At this point, there should be no doubt in anyone’s mind that civilization, especially industrial civilization, inherently destroys the land. It’s part of the very nature of this culture. If you need any more convincing, research into the history of mining in the Great Basin will provide you evidence aplenty.
Today, we bring you an excerpt from a book called “The Piñon Pine: A Natural and Cultural History” by Ronald M. Lanner from the University of Nevada Press, originally published in 1981. This passage discusses the impact of the mining boom in Nevada in the mid- and late-1800s. We invite you to read this passage, and to reflect that modern mining, far from being less destructive, might even be worse, due to the bigger machines, more toxic chemicals, and abundance of fossil fuels (as well as the fact that such mining, once restricted to small areas, has metastasized around the world and destroyed some of the most beautiful and pristine lands on Earth).
The production of mineral riches would not have been possible in 19th-century Nevada without the piñon woodlands and their vast supplies of wood. The opening of a mine was only the first of many operations necessary to convert hard rock into treasure. Huge labor forces had to be brought into work the mines and to build and operate stamp mills, smelters, amalgamators, and concentrators. Lumber in enormous quantities was needed for these operations: timbers for shoring the mine shafts, charcoal for smelting ore, cordwood for heating and cooking. The great Nevada Silver boom ran on wood. Every new mining district was on its own at first; there were no roads or rails to bring in lumber or coal from other regions. Instead, the miners had to make the best of their local resources, and they did so with a vengeance. Here we will only scratch the surface of a historical process that has never been given its rightful share of attention: the deforestation of vast areas in the Great Basin for the production of mineral wealth.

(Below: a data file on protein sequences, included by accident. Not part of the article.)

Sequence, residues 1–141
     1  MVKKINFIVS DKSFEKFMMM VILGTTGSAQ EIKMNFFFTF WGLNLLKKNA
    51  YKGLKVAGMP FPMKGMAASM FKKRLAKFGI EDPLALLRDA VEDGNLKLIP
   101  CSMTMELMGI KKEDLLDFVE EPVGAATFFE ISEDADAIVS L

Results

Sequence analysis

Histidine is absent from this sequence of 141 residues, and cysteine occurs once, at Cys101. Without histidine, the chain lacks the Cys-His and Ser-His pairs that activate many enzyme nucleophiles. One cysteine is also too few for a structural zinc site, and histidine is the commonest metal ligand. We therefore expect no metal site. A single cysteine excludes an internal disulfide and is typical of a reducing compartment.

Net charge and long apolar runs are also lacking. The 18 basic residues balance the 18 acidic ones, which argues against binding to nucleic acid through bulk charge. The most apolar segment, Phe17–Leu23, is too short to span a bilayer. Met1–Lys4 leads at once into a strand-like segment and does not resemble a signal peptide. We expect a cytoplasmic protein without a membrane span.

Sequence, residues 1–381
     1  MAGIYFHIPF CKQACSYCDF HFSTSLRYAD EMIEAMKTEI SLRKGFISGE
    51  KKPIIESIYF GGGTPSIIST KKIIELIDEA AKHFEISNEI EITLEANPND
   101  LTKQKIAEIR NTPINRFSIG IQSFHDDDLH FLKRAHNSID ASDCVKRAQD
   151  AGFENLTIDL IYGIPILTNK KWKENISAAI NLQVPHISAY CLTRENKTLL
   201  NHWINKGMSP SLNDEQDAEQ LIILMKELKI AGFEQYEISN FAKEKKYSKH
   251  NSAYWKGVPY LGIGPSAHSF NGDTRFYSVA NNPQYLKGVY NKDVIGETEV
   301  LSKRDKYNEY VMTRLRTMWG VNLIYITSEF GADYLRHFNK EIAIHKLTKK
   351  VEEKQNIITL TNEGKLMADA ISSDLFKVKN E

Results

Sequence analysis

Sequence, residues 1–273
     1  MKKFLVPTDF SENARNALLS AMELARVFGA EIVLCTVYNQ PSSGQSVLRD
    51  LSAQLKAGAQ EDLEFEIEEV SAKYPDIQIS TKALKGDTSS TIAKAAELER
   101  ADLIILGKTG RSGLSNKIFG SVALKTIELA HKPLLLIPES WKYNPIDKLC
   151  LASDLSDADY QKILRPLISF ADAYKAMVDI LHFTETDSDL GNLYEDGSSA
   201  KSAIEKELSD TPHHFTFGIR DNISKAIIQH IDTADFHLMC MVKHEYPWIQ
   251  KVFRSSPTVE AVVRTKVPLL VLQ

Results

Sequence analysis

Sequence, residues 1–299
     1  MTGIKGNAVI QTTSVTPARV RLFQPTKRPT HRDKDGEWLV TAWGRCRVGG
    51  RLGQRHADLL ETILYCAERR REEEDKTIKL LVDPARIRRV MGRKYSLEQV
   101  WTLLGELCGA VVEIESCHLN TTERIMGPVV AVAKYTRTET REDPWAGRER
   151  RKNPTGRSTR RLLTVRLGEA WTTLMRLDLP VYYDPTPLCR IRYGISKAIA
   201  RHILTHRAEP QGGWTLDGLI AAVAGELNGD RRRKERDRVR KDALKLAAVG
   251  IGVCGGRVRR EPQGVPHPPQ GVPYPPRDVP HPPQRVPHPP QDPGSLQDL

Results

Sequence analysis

Nevada’s mining boom began with the Comstock, a great lode of silver at the western edge of the Great Basin, a few miles from the foot of the Sierra Nevada. When mining began in 1859, the mountains for miles around Virginia City were covered with piñon and juniper. These local forests were rapidly depleted. By 1868 John Ross Browne reported that the supply of local wood was “entirely exhausted,” and cordwood was being brought in from Dayton, 12 miles distant. Even these woods were quickly being destroyed, and wood had to be packed in on mules from inaccessible areas back in the mountains. Piñon was selling for $16 a cord, most of the cost going for transportation. The population of the district had reached 20,000 and the daily consumption of fuelwood was 568 cords. Already it was becoming necessary to bring in wood of inferior quality from the Sierra forests.
Meanwhile, the mines of the Comstock were consuming 18 million board feet of timber annually, much of it for shorings in the tunnels.
But the most important use of piñon wood—both ecologically and economically —was for production of the charcoal used in smelting ore. In these days of electric blast furnaces, we tend to forget that metallurgy once depended on mountains of coke made from coal; and before that, on mountains of charcoal made from wood. As early as 3200 BC, Egyptian technicians use charcoal to reduce copper ores in Sinai. In ancient Greece, charcoal production was an important occupation that led to the wholesale cutting of forests around the copper smelting centers of Chalke, Chalkis, and Chalkitis.
At the beginning of this century a mammoth blast furnace in Ontario ate its way through a pile of charcoal half a mile long every 24 hours. It took a stack of cordwood 1 mile long for the charcoal needed to produce 150 tons of pig iron. And iron still depends on wood charcoal in countries where coking coal is unavailable. In 1968 a team of experts was sent by the UN food and agriculture organization to Honduras, to plan the wood harvest for an operation that would produce 50,000 tons of pig iron annually. They estimated it would take 220,000 m³ of pine a year, which would require clearcutting over 1000 acres of forest every month.